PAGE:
• “I want people to find and read my stories online”

      What do you write about and how can I find you? You should dominate page 1 for your name…. ok well it’s easier when you have a name like mine. ;)

      Doing a Google Search for “Sarah Lundy”- is that your twitter account? OSsarahlundy?

      Question #1 – Why is it not linking to a blog?

      You don’t have to live in 2 worlds, that’s impossible.

      What you do need though, IMO, is to make it easier for people to find *You* – where is *Your* blog where you post regularly, on a domain that *You* own.

      I am willing to help others understand SEO, but first I wanna see some skin in the game, ie. you must publish on your own domain. :)

      • Did you even read her comment? She works for a newspaper. She’s not going to write and publish the stories they’re paying her to report on on her own domain.

        • Wow, are you her boss? I can hear it now.

          Boss: “So what’s this about a blog Sarah?”

          Sarah: “I want to connect and build relationships that are not solely attributed to my role here at the newspaper”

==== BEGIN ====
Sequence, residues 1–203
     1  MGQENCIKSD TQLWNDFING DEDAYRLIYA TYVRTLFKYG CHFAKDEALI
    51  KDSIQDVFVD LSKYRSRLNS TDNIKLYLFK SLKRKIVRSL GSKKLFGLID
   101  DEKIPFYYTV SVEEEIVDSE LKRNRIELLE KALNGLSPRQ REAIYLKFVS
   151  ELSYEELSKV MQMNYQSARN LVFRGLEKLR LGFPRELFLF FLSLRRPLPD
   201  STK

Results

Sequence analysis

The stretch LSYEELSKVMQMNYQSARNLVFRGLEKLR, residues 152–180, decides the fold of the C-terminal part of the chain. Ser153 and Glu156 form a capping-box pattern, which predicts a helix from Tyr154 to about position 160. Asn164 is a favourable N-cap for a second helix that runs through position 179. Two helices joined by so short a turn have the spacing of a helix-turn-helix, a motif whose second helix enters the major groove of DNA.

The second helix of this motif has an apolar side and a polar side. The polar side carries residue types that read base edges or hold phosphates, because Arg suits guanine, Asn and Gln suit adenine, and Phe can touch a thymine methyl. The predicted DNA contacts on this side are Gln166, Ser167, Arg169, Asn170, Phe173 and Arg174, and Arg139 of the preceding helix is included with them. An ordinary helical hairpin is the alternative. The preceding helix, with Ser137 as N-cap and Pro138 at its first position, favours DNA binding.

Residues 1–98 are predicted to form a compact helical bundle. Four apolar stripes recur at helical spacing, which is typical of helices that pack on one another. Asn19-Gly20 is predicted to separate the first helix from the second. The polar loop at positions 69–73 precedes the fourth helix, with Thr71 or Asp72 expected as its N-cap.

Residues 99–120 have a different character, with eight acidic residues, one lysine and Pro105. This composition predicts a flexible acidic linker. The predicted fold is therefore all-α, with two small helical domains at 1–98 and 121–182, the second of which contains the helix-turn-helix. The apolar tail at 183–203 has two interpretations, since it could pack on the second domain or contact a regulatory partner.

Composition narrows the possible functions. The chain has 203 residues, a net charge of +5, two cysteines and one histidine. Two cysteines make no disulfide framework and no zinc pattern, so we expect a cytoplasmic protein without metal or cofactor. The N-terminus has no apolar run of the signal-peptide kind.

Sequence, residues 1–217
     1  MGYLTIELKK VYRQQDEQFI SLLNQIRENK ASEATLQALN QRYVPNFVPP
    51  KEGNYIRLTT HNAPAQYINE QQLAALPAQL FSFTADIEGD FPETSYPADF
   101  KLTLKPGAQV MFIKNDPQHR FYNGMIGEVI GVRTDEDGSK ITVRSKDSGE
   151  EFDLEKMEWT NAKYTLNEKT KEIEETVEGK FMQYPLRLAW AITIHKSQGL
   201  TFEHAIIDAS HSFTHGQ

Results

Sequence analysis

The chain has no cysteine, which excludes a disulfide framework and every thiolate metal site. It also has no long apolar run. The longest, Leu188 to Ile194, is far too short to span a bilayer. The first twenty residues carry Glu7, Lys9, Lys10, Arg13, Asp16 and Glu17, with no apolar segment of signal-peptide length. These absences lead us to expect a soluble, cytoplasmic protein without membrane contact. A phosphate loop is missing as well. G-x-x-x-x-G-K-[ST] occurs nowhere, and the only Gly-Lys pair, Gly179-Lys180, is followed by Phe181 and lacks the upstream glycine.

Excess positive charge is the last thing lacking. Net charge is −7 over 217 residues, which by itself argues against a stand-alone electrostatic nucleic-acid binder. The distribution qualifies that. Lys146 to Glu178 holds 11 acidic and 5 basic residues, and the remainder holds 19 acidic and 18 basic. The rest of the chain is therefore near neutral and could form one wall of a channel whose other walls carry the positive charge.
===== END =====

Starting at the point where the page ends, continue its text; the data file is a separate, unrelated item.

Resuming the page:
Boss: “Well, maybe we can find someone that doesn’t have these wild ideas and they will only write what we tell them to write.”

          Sarah: “Yep, and I’ll bet that for every piece they write, and you edit, the public will never see it for what it’s worth, retread / reposted garbage that keeps those advertising dollars rolling” – “with all due respect” :)

          Not trying to get into a debate here – just trying to point out the importance of everyone investing in their own identity online.

          I’m not saying quit your job tomorrow, but think about all the content you might be adding to Facebook, Twitter, News Blogs, that could be on a site you own and for an audience you’ve earned.